Montana's Commissioner of Insurance Monica Lindeen hasn't been shy recently in her criticism of the federal health exchange website roll out.

Lindeen told a group of state legislators on Tuesday, October 22, that the website's failure is hard to take.

"I'm glad the president acknowledged what everybody in Montana already knows," Lindeen said. "The federal insurance marketplace website isn't working. This is unacceptable."

Lindeen expanded her comments on Wednesday, October 23, by heaping criticism on whoever is responsible for the website's technology. In fact, Lindeen expressed great concern over whether the website could be fixed at all.

"Having been a business owner involved in the IT industry, what really concerns me is that now that we're three weeks into this and they haven't been able to fix what they say are 'glitches,' it makes me think that it's critical," Lindeen said. "Critical means, depending on the situation, it might not be fixable. You would have thought that HHS would have brought in the best and the brightest IT companies to the job, but instead, maybe we had third-graders who programmed this."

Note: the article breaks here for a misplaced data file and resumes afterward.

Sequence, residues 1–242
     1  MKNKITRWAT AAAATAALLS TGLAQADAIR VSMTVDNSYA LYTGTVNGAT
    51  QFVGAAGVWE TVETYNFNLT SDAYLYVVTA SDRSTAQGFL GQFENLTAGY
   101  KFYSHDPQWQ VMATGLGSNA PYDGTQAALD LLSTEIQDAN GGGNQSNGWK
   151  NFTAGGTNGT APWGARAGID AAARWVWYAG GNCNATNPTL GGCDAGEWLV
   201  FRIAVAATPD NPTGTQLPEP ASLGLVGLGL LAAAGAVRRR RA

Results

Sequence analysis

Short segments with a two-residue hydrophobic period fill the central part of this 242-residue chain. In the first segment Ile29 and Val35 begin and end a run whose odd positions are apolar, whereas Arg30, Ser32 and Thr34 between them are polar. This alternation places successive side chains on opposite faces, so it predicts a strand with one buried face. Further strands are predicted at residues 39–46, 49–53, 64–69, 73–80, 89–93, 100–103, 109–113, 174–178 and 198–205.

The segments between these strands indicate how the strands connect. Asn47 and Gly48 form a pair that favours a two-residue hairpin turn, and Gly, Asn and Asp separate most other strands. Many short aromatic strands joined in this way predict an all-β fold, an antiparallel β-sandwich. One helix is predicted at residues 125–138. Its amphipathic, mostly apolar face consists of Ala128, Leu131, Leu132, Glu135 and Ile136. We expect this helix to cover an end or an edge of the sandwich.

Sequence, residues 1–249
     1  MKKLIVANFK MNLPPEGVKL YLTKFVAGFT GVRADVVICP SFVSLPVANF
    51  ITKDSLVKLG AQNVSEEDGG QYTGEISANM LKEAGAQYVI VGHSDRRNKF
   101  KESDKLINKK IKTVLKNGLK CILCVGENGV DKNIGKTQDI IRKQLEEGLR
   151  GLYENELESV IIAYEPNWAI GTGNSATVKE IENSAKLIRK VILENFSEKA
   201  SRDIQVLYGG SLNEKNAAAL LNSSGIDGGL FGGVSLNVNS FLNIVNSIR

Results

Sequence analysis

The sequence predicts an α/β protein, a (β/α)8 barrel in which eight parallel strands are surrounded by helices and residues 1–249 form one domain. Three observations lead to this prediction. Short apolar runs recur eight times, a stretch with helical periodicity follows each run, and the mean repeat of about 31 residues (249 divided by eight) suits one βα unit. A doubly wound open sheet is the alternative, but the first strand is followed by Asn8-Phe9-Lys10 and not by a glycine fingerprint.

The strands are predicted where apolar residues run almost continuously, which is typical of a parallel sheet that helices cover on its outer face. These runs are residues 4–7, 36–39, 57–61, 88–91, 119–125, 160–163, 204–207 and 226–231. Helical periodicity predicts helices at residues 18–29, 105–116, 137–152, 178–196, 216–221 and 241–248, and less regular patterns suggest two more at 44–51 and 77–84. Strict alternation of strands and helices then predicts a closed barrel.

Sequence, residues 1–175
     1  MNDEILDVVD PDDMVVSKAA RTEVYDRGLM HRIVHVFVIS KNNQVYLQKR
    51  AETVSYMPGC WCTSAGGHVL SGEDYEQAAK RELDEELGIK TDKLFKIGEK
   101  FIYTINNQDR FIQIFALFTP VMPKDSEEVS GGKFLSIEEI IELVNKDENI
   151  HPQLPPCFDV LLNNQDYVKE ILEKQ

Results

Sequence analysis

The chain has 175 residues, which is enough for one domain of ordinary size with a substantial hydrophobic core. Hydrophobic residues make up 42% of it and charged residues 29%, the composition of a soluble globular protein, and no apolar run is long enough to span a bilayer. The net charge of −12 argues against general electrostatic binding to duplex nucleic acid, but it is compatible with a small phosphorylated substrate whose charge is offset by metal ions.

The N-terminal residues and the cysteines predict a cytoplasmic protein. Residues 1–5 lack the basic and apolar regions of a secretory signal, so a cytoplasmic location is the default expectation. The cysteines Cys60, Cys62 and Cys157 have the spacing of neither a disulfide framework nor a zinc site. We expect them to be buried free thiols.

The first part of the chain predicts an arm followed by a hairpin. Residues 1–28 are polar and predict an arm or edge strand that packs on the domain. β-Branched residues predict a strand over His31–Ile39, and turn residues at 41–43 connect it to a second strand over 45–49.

That being said, Lindeen is still a strong supporter of the president's healthcare plan commonly known as Obamacare.

"The products that are being sold in this new marketplace are good products," Lindeen said. "All the policies from all the insurance companies had to come through my office. We've reviewed them, we've reviewed the rates, and we know they're good solid products."

Lindeen expressed her opposition to delaying the implementation of the individual mandate.

"If you put this on hold, people in high-risk groups will end up paying much more, because the younger, healthier people will have no incentive to sign up, which would bring the costs down for the entire pool," Lindeen said. "People would then sign up for insurance only after an accident or illness, so now you're hurting the insurance companies by allowing people to enroll only when they need it."

Lindeen said those who are having trouble accessing the federal website can log onto the Montana Insurance Commissioner site to see a breakdown of costs for various policies.

"Those are accurate, however, they do not include any of the tax credits that people may qualify for," Lindeen said. "If people don't want to wait until the website is fixed, they can call the toll-free number listed on, or download forms, fill them out and mail them in."

That toll-free number is 1-800-318-2596.

Montana Commissioner of Insurance Monica Lindeen